We see two common types of fraud. First, stealing assets from a business. Second, management of a business manipulating its financial statements to conceal losses or boost low profits. Fraudsters often steal to create a luxurious Walter Mitty lifestyle or to fund personal debt. These thefts usually occur over a long period of time with multiple false entries concealing the fraud.
The fraudster creates these entries and often no one else understands their effect because the fraudster manages to conceal them from management oversight.
The usual technique of concealment is either to write off the monies through misleading entries posted through the profit and loss account or creating a false asset in the balance sheet. The fraudsters can overcome existing controls, sometimes by exploiting weaknesses in the effective application of the segregation of duties. For example, the same person being able to authorise an invoice and raise a cheque.
Fraudsters are often long-serving ‘trusted’ employees. Others are serial fraudsters who move from job to job committing the same crimes relying on weak employment screening to obtain new jobs. It is usually management or employees who spot these frauds and it is essential to make everyone in an organisation aware it is their responsibility to spot and report any suspicions. The use of fraud awareness training and confidential ‘whistleblowing’ hotlines can improve these requirements.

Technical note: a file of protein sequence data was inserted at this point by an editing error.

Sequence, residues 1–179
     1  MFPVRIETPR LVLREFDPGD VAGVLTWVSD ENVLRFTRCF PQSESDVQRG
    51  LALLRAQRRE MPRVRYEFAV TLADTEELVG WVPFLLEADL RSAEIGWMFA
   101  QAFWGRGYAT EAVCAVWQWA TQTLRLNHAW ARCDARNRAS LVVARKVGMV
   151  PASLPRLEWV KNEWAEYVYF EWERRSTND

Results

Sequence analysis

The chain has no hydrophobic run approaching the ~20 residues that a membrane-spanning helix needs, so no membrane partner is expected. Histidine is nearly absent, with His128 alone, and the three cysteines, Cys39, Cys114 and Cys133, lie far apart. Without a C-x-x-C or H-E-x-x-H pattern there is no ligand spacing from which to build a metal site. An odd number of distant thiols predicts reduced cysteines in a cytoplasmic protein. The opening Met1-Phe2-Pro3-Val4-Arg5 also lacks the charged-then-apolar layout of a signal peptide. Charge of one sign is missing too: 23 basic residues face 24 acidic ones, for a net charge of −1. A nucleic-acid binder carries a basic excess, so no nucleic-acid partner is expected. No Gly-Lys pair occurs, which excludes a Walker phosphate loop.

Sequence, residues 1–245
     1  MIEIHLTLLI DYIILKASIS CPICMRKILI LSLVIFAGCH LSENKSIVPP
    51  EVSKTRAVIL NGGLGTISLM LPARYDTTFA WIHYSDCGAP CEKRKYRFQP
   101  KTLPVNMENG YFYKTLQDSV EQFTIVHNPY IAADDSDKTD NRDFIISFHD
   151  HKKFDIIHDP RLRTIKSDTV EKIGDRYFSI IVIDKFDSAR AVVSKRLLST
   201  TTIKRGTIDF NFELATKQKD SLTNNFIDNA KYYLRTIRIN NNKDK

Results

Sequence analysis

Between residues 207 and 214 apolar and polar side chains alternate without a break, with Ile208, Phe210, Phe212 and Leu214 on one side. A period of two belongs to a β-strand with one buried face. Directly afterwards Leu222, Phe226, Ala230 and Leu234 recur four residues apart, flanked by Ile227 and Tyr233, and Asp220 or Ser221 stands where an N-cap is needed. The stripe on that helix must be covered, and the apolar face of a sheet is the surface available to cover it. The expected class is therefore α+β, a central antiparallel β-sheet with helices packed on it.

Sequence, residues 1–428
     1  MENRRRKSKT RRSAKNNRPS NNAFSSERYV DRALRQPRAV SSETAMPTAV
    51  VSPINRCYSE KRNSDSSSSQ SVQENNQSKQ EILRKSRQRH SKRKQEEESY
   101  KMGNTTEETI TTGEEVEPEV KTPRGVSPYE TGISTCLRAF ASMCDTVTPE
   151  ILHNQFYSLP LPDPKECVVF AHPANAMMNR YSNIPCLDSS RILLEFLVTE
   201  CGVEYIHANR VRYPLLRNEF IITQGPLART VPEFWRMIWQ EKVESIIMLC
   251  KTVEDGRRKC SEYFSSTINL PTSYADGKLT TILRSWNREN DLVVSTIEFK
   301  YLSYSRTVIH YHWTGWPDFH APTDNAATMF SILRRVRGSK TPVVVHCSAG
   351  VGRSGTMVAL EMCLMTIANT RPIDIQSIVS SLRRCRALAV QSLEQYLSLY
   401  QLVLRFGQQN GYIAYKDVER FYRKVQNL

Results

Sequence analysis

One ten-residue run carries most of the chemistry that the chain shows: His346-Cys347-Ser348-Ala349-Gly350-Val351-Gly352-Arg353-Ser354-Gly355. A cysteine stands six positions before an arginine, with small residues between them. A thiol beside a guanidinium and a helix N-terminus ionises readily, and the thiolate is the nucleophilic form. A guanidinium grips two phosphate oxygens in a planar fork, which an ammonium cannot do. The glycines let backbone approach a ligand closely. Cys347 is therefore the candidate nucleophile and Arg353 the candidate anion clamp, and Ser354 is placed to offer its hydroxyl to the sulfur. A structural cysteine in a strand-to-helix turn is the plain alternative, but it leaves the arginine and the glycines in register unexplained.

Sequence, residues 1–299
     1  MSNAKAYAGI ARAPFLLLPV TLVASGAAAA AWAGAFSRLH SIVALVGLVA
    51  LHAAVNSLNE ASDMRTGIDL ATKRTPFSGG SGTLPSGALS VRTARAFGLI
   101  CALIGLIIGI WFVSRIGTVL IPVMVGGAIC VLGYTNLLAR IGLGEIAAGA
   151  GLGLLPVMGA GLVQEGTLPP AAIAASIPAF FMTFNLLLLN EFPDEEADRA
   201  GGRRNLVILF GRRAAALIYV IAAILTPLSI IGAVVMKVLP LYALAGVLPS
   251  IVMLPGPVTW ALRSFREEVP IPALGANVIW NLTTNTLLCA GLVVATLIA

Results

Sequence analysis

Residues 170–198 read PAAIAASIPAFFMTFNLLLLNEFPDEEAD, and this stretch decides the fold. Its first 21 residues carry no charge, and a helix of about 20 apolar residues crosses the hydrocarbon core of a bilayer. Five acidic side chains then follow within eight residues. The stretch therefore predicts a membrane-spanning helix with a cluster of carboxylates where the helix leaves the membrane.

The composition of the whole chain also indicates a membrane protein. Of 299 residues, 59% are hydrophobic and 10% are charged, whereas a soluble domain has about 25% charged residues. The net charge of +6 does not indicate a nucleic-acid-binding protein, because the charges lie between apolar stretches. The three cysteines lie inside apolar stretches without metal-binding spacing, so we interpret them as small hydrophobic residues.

Usually the manipulation starts off small, perhaps to cover up a mistake, but quickly gets out of control creating a significant black hole. By then the fraudsters know that if they report the problem they will be sacked and they continue the deception in the vain hope that somehow the problem will resolve itself; it rarely does.
Common control deficiencies that have allowed these manipulations to continue include: a lack of rigorous internal audit checks; a focus on reviewing the management accounts of entities which are reporting poor results rather then those reporting better than expected figures and the lack of detailed analytical review of reporting packs.
Many organisations have little idea of their overall fraud risk profile. Nor do they deal with the issue that frauds are committed by dishonest people who override control procedures. When reviewing the effectiveness of any control system one must ask: ‘Will it cope with dishonest employees or management?’. The review must also identify where the organisation is most at risk from fraud. Management should produce a fraud response plan to be reviewed regularly.
In today’s environment management cannot afford to ignore these real risks.
- Adam Bates is a partner with KPMG Forensic
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